The Wall Street Journal has reported that Russian hackers were able to steal highly classified secrets disclosing how the U.S. government hacks into foreign networks, how it protects itself against cyber-attacks and what hacking tools it uses.
The information reportedly came from a National Security Agency contractor who had taken the material home. The existence of the information may have been revealed through the contractor’s use of Kaspersky Lab security software.
According to the report the theft happened in 2015, shortly before the hacking group Shadow Brokers began leaking similar information on the internet and before an NSA contractor, Harold Martin, was arrested for taking a massive supply of classified NSA documents home so he could work on them. At this point, there’s no clear link between any of these incidents beyond their timing and the nature of the information that was leaked.
The apparent use of Kaspersky antivirus software may be significant, although it’s not clear what its role was in the data theft. The company has said that it has not, and would never, help any government, including the Russian government, hack into its customers computers.
However, it’s possible that Kaspersky itself was compromised. In addition, when Kaspersky software runs an antivirus check, its aggressive approach to fighting malware includes copying files or portions of files and sending them back to company servers for further analysis.
This copying process may have been exploited by Russian hackers or it may have been security analysts at Kaspersky who alerted Russian security researchers about the existence of the NSA data. This practice and suspected deeper connections to Russian intelligence services were the reason for the Department of Homeland Security banning the use of Kaspersky software throughout the government.
However, DHS has not banned government employees or their families from using Kaspersky products at home and in this case the leak came from a home computer that the NSA files had been stored on and that also contained the Kaspersky software.
There are several important things to know about this incident, assuming it happened as the Wall Street Journal said it did. First, the Kaspersky AV software does not appear to have played a role in the actual exfiltration of the classified data.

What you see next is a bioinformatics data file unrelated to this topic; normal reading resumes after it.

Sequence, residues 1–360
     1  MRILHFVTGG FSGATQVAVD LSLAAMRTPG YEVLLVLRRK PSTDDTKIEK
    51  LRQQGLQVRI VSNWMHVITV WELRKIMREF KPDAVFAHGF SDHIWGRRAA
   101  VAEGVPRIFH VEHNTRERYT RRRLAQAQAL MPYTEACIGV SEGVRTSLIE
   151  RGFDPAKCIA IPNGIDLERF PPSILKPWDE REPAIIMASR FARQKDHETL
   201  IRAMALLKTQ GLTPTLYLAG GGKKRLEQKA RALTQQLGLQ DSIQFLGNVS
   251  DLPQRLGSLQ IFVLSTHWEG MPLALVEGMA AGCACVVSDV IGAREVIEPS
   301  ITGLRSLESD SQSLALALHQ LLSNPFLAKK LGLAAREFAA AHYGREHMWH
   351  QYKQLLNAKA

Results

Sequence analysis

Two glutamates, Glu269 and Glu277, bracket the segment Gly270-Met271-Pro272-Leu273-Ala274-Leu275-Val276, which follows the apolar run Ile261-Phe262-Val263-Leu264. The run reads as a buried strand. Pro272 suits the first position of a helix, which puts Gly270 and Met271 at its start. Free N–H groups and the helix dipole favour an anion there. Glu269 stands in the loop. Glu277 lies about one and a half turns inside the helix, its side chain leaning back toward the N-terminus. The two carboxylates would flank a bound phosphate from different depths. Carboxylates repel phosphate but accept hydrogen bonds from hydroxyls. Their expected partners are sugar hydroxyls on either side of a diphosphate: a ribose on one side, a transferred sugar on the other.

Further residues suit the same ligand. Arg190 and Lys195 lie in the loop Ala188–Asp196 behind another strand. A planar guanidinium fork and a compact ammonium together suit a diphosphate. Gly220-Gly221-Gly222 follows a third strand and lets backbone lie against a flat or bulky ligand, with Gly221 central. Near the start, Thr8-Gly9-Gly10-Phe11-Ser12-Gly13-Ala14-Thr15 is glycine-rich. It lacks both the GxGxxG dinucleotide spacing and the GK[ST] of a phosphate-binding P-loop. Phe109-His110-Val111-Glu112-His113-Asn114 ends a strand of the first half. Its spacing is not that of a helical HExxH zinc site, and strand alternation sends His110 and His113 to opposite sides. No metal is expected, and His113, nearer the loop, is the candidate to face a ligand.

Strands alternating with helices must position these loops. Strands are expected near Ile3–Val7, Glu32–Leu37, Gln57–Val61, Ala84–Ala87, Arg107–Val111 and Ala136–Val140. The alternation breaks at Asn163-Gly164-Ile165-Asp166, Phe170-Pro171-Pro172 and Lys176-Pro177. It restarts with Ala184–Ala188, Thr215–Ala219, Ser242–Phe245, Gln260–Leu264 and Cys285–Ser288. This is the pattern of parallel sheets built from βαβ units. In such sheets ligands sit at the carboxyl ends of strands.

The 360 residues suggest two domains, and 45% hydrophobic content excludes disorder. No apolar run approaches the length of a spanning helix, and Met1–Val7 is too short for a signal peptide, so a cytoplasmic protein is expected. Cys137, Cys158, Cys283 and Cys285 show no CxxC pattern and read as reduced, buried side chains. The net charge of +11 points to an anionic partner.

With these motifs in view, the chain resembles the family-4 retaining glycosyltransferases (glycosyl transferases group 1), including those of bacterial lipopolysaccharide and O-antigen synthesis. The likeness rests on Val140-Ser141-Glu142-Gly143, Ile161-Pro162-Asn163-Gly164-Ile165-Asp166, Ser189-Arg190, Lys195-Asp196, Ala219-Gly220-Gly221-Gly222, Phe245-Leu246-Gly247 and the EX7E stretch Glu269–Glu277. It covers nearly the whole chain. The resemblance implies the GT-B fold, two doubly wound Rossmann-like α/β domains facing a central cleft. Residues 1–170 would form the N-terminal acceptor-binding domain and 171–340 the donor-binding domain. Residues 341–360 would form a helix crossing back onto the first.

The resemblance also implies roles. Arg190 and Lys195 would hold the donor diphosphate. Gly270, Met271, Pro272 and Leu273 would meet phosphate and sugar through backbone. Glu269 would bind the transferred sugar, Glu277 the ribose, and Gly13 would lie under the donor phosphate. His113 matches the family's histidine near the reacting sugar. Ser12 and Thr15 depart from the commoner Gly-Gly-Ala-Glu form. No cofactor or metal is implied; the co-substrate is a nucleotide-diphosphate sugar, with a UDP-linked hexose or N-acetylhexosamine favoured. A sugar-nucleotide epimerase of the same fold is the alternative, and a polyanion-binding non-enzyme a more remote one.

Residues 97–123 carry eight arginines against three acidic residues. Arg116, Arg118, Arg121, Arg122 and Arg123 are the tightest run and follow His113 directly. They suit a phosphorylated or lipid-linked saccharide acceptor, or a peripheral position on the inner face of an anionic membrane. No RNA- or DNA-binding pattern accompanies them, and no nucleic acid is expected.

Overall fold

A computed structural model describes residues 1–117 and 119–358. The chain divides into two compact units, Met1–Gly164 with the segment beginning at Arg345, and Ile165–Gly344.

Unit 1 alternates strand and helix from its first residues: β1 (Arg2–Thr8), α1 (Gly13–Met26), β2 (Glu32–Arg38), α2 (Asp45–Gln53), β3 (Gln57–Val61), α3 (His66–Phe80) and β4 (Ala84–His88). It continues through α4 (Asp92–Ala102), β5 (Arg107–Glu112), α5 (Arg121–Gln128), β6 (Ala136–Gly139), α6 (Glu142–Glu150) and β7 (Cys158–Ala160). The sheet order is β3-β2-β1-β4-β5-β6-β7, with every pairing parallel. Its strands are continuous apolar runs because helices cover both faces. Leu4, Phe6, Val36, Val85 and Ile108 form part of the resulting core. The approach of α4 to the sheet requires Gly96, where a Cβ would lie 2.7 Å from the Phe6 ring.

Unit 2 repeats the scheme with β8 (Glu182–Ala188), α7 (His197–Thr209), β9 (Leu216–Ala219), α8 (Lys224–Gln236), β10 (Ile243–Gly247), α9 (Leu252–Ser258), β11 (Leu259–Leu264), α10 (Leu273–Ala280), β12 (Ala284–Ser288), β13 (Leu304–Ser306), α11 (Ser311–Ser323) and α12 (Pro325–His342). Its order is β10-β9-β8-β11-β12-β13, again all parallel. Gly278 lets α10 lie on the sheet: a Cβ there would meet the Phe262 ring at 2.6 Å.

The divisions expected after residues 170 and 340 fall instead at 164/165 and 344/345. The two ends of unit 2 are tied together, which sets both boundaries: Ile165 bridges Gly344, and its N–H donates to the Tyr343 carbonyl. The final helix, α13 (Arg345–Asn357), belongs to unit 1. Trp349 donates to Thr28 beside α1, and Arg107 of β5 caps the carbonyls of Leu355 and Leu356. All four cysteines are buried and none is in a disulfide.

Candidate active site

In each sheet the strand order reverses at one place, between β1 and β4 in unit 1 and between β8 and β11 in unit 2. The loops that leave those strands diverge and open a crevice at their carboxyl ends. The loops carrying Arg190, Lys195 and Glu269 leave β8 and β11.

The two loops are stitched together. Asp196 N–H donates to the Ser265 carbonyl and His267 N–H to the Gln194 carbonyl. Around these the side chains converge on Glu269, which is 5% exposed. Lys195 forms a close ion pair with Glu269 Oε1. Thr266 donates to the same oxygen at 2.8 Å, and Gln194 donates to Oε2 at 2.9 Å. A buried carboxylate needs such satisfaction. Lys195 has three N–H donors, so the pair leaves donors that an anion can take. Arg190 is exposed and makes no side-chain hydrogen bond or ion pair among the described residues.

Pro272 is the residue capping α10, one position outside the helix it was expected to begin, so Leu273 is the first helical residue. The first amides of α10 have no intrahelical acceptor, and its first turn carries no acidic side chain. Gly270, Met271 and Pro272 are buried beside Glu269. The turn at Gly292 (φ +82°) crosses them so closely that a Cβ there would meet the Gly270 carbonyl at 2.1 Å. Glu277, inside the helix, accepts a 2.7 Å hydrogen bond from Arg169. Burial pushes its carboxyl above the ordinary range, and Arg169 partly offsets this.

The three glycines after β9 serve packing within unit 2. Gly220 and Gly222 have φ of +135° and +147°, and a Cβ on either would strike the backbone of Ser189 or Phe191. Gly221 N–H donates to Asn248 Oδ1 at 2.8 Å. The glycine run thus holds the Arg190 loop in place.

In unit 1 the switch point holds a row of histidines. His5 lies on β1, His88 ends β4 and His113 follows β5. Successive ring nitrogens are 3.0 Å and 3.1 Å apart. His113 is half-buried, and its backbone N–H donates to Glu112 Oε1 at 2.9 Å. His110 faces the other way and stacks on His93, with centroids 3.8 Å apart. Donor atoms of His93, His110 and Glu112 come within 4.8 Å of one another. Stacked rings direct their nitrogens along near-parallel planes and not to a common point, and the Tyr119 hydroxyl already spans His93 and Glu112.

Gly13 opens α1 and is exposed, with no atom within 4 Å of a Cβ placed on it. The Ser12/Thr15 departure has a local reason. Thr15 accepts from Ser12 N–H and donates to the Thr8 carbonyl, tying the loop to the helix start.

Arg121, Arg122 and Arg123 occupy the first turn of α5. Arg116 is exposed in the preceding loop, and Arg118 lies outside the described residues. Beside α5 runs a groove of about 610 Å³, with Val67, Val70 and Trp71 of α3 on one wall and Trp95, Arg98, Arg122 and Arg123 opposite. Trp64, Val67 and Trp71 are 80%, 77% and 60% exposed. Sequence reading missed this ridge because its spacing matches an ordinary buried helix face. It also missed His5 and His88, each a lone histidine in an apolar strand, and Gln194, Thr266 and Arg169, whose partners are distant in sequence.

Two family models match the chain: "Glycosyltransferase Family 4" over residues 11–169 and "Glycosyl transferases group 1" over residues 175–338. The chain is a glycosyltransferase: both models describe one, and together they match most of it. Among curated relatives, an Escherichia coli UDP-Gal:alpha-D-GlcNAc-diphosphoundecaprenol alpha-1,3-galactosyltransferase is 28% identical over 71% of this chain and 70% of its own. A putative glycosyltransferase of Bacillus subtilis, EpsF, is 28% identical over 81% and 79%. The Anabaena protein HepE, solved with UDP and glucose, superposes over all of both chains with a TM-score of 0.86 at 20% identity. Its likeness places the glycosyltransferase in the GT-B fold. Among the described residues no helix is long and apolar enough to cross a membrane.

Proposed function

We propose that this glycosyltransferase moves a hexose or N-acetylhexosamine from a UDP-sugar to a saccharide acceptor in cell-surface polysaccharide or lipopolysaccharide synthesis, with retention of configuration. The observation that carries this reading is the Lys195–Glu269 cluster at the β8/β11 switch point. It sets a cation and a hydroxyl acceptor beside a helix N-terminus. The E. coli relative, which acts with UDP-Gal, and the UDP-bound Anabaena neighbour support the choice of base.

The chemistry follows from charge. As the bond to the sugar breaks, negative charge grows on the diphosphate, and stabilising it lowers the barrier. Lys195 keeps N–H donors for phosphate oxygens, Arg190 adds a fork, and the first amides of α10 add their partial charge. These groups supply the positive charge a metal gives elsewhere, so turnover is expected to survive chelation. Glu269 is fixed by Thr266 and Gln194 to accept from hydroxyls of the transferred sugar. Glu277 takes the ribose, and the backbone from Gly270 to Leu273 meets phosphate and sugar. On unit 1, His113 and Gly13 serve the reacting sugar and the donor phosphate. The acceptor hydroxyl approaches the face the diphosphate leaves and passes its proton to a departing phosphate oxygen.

Instead what appears to have happened is that the AV software indicated the existence of the NSA secret data, which told the Russian hackers what computer to penetrate and where to look. But the Russian hackers still had to break in to the computer and steal the data.
There’s no reason to believe that Kaspersky was the only security software being compromised by Russian or other nation-state sponsored hackers. Because of the depths to which security software may go to search for malware, it’s entirely possible that similar software from other companies has also been compromised.
But as worrying as these revelations are, the next question is whether they really affect you. The disturbing answer is that they likely do. Even if you’re not a government agency or even a contractor for one, it’s important to know that state-sponsored hackers will go to astonishing lengths to steal your data they’re very patient. In addition, they can find patterns in seemingly irrelevant data that can help them reach their goal.
That means that if you run a small business, perhaps a dry cleaners or a hardware store, you can also be part of a state-sponsored hacker’s route for attacking its ultimate target. Just because you don’t do business with a government agency doesn’t protect you.
You might handle the dry cleaning and laundry for the spouse of a government employee and a hack of your records can yield financial information such as credit card numbers. It can also provide information on the activities of that spouse that can yield intelligence benefits when combined with other information from elsewhere.
If you do business with the government, then you’re a potential pathway for hacking into that agency and a possible route for exfiltration. Unless your connection to your government customer is secure enough, you could be the weak link that lets the bad guys in.
As you might expect, it can get worse. A breach of your own customer records is a problem that concerns you directly. Whether it’s a breach of convenience while the hackers are going after the next step up the line, your customer records, credit card numbers and have still been compromised. Or it may be that the breach is being used to cover up the larger breach of your government customer.
There are things you can do. One is to keep your customer data divided into different databases, so that no single breach will yield everything. Another is to require higher level of permissions to access certain types of data, such as credit card numbers.
You can also encrypt as much of the data as possible. At the very least, the wide use of properly configured encryption will slow the hackers down enough that they’ll be encouraged to go elsewhere.
And going elsewhere may be the best you can hope for. It’s unlikely that a commercial enterprise can stand forever against the concerted attacks by a state sponsored hacker, but at least you can send them to some other company. That might give you time to get out an alert, and to further lock down your files—and that’s far better than nothing.